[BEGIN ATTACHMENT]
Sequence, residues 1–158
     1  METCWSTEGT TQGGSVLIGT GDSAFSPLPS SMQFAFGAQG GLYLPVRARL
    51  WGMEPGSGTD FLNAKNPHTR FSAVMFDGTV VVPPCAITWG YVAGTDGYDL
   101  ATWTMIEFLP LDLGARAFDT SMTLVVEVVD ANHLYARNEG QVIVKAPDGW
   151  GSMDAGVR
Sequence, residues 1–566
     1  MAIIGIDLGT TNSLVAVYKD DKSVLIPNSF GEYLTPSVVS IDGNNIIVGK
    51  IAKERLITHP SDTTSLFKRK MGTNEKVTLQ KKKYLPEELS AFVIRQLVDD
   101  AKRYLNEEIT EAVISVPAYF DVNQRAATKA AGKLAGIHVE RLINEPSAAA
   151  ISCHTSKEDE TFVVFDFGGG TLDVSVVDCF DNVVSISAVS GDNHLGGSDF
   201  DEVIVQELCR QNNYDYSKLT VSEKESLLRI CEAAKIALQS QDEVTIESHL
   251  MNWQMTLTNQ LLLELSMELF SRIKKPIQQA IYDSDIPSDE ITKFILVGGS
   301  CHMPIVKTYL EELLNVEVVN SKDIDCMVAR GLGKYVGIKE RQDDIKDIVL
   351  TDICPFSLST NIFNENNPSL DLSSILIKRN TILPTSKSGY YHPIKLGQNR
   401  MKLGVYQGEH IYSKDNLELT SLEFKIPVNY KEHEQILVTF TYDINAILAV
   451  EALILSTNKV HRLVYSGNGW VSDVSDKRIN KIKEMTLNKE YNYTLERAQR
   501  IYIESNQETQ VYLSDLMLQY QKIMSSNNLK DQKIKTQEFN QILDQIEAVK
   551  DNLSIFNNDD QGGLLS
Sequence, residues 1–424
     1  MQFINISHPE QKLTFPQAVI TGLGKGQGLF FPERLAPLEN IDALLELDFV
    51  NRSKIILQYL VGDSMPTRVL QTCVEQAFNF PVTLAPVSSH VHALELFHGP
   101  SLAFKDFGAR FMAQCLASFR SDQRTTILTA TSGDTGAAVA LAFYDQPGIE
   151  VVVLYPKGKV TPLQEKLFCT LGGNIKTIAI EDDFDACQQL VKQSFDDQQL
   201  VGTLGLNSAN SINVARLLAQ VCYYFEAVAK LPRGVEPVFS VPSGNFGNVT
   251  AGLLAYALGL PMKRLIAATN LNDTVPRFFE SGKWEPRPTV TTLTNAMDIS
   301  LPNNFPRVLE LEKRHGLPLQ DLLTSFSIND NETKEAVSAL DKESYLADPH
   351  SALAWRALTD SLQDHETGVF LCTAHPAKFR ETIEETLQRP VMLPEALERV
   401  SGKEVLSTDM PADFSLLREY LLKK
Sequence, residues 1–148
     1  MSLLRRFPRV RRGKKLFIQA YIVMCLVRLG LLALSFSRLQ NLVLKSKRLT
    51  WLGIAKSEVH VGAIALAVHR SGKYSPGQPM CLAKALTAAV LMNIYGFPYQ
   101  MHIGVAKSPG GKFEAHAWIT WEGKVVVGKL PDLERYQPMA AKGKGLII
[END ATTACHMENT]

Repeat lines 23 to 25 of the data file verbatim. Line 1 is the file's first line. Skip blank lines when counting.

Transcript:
   151  VVVLYPKGKV TPLQEKLFCT LGGNIKTIAI EDDFDACQQL VKQSFDDQQL
   201  VGTLGLNSAN SINVARLLAQ VCYYFEAVAK LPRGVEPVFS VPSGNFGNVT
   251  AGLLAYALGL PMKRLIAATN LNDTVPRFFE SGKWEPRPTV TTLTNAMDIS